Circumstances: -Daylight, wind SW F5-6, heading 010deg.(T), visibility excellent (>12nm), steep quartering sea from SW making handling difficult, speed 8 knots in troughs & 12 knots on waves.
Vessel/crew: -Twin screw motor yacht, 10 metres, well equipped with integrated radar/chart-plotter, VHF, radar reflector etc. Skipper 40 years experience, crew 10 years experience.
The incident: – Position approximately 2.25nm SSW from the Nab Tower, holding a steady course of 010(T).
We had been keeping a good lookout, watching shipping approaching and leaving the Nab deep water channel, the surrounding area, and crossing East-West.
One of the vessels was a large commercial vessel.. There were no vessels astern of us, & no other small craft in the area.
At 1610 what we later established to be the xxxxxxx was on a reciprocal course 190(T) approx. She was clearly shaping to pass us port to port from the aspect presented visually. We did not plot a CPA, as the fact that she was going to pass well clear was evidenced by the radar range & bearing markers.
At 1618, when she was about ¼ mile away, bearing 20deg. on our port bow, she altered course about 40deg. to port across our bows, creating an immediate risk of collision. We immediately altered course 70deg. to port to place the other vessel on our starboard beam in accordance with Rule 17a(ii). Turning to starboard would, in the conditions, have meant lying beam onto the seas & leave us closer under her bow when we were unsure that she had seen us. This action removed the risk of collision & reduced our speed to 5 knots, though making handling even harder as we were now heading into the steep seas.
As she passed us we easily saw her name on her starboard bow with the naked eye. We called her on CH16. An officer replied promptly. I explained that we were the vessel across whose bows she had just turned, creating a risk of collision. He answered “so what’s the problem?” In rather more detail I explained that she had altered course across our bows in contravention of the International Regulations for the Prevention of Collision at Sea, as he seemed unaware of these. Again he showed no recognition of the risk. I said that I would be reporting the incident. At this point he asked for our position, which I gave, commenting that he was also abusing his size and power. Following this I terminated the exchange and recorded the incident in our vessel’s log.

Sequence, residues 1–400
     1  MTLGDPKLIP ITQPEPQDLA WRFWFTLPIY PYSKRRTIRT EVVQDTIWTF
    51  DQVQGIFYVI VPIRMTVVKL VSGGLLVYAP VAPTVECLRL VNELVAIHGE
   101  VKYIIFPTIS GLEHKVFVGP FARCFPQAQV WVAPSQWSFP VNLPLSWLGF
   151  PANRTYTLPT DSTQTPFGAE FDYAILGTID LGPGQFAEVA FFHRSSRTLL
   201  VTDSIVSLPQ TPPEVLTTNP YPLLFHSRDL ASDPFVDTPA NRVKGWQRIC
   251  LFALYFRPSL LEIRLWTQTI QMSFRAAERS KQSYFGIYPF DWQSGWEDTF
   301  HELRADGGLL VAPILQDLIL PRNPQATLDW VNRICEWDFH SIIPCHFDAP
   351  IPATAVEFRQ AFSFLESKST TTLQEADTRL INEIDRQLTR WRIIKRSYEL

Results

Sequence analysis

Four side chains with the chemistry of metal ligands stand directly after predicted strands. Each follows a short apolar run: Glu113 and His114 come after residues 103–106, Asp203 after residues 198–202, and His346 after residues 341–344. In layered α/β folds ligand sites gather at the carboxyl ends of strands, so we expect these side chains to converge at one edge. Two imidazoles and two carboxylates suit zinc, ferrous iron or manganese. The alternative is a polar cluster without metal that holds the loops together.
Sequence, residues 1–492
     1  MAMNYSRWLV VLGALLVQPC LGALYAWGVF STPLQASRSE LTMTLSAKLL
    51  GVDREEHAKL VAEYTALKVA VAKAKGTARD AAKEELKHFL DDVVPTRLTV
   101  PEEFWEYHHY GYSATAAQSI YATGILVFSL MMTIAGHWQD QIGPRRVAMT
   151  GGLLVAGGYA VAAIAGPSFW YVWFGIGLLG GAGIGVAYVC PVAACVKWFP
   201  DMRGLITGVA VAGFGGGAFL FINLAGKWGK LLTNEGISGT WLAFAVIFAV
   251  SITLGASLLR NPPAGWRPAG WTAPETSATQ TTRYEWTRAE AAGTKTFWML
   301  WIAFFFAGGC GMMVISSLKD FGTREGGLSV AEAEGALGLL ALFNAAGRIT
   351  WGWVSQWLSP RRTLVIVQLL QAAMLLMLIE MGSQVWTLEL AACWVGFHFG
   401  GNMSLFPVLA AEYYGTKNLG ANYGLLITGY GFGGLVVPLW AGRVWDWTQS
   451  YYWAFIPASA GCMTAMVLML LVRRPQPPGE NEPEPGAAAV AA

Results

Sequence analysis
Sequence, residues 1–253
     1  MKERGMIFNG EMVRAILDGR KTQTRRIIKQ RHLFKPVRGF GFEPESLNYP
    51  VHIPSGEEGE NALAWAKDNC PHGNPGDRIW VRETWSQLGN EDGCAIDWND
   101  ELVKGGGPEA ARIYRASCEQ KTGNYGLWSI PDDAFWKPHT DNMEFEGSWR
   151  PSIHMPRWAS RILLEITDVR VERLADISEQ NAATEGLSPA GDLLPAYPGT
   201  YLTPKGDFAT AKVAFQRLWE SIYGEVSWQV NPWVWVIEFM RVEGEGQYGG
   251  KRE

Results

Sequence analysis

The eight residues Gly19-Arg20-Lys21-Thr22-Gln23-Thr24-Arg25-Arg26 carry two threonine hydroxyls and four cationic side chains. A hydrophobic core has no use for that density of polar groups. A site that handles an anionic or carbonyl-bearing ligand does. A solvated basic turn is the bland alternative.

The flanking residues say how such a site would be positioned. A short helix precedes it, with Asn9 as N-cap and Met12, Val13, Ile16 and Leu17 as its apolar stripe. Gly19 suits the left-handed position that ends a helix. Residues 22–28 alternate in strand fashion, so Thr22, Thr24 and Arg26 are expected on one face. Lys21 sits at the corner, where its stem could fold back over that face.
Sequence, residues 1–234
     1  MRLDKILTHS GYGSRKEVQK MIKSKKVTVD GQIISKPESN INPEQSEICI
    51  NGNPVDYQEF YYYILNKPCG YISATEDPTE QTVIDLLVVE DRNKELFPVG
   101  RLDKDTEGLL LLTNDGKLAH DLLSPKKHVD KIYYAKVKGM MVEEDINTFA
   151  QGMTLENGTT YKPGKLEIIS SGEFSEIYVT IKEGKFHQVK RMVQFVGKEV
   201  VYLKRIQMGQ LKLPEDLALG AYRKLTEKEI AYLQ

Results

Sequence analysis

This incident was reported to both CHIRP and the UK Marine Accident Investigation Branch (MAIB).
Unfortunately the date the reporter gave to both MAIB and CHIRP was wrong. The MAIB therefore spent some time establishing that there was no ferry in that vicinity. It then went back to the reporter, who corrected the date by one day. The MAIB then went back to the ferry company, whose account of distances and actions was different to the reporters. Unfortunately the time lapse meant that the ship’s VDR data had been overwritten, so MAIB could not look at objective data.
Lessons from this incident include:
- A reminder for all seafarers that perception of safe distances may be very different between types of craft. For example, if you are on the bridge of a large vessel, passing close to a small boat may appear to you to pose no risk. However if you are on a small boat when a large vessel alters course towards you at close range and you do not know whether she has seen you, the situation may give considerable anxiety.
- Think about how your actions are perceived in the other vessel
- Report serious near misses to the Coastguard at the time
- If reporting to MAIB and/or CHIRP, please double-check the data.